Image copyright © by Marcus Trahan

Elizabeth I


Is there a better actress working in the movies and television today than Ilyena Vasilievna Mironov?

What’s that? Never heard of her? Try Helen Mirren. We were stunned by her presence in The Queen, for which she is certain to win an Oscar nomination, and which she stands an extremely good chance of winning, this time. (She was nominated for Gosford Park and The Madness of King George.) I really hope she does win, if only for the joy of seeing someone stand up there who has been quoted about the Academy Awards thus: “It’s the creme-de-la-creme of bullshit.” I’m sure she will be polite and humble in the face of the great honor, but still …

Elizabeth Tudor and Elizabeth Saxe-Coburg-Gotha could not be more different, and yet she totally inhabits both roles. This four-hour series begins with the Virgin Queen in her forties, since someone Mirren’s age can’t play a child queen. It covers familiar territory, but then, it’s history, what are you going to do? (Well, once more invent a meeting between Elizabeth and Mary, as in Mary, Queen of Scots with Glenda Jackson and Vanessa Redgrave, for one thing. Writers of historical fiction cannot seem to resist this particular fiction.) This series concentrates on her unrequited loves, but doesn’t stint on her role in governing. She is simply one of the most fascinating figures in all English history, in all history of any kind, and of historical women only Joan of Arc could rival her, and Joan was nutty as a cacahouète du gâteau. The first part deals with Elizabeth and Leicester, played very well by Jeremy Irons, and the second with Elizabeth and Essex, who as written by Nigel Williams and played by Hugh Dancy, is really reprehensible and a fool.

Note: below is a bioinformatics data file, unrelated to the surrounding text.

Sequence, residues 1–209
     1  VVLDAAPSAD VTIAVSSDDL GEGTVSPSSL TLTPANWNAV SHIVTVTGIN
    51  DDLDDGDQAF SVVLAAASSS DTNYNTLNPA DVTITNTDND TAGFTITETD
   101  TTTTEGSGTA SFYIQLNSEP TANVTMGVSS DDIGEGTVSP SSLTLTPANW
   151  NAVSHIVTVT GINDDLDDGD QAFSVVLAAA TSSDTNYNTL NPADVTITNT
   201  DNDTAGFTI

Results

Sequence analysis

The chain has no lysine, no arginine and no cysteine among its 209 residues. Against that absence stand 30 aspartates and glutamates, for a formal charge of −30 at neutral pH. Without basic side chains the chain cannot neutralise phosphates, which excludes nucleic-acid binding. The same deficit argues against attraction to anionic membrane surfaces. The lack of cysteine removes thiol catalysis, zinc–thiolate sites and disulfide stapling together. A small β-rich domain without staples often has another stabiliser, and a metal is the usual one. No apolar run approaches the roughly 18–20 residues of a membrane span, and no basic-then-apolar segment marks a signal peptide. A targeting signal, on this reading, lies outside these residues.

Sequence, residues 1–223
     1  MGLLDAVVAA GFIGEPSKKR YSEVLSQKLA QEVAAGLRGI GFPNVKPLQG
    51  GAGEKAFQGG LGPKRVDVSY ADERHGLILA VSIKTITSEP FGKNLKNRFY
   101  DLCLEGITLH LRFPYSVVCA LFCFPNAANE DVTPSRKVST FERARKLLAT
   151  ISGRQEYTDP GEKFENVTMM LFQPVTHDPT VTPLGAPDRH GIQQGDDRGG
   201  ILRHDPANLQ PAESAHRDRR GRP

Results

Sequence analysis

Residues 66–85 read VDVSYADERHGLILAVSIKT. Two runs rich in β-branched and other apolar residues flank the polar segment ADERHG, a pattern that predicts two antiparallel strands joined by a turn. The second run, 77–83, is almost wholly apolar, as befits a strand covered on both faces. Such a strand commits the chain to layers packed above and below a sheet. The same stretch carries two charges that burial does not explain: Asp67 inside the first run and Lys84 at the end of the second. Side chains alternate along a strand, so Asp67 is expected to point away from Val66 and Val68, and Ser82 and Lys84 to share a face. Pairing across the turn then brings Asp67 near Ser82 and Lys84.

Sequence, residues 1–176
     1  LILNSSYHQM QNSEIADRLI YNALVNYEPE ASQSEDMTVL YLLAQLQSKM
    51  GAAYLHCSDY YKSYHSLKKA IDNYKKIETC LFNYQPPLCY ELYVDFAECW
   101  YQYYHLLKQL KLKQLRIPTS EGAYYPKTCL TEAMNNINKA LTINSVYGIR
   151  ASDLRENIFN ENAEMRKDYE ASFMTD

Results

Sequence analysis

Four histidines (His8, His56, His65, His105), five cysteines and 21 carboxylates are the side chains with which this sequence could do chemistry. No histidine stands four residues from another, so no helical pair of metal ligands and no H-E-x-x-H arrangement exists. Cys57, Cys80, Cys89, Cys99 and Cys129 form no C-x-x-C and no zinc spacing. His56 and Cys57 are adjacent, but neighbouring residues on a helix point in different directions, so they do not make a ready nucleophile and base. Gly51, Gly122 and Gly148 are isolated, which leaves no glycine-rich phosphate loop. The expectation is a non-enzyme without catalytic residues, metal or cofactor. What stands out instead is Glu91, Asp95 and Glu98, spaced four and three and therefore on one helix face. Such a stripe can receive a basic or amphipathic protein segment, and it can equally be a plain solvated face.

But it’s Mirren’s show, and she brings Elizabeth to life better than anyone ever has, and considering how many great actresses have played her, that’s saying something. She won an Emmy for it.

I was wondering where in Merry Olde England they found the fantastic, huge sets. The palaces ran on and on, and were used to the fullest in long steadicam shots, and the outdoor scenes were stunning and looked authentic. Well, it seems they found them in the Merry Olde Town of Vilnius. Vilnius … er … Lithuania. Actually they built them there, almost certainly because labor is cheap in the former SSRs. Such a job! And more well-deserved Emmys. Ditto the costumes, especially Mirren’s. As I pointed out to Lee, in some of those dresses you had to be sure of hitting a doorway dead-center, or your elaborate shoulder and head pieces would bump the jambs in a rather undignified way.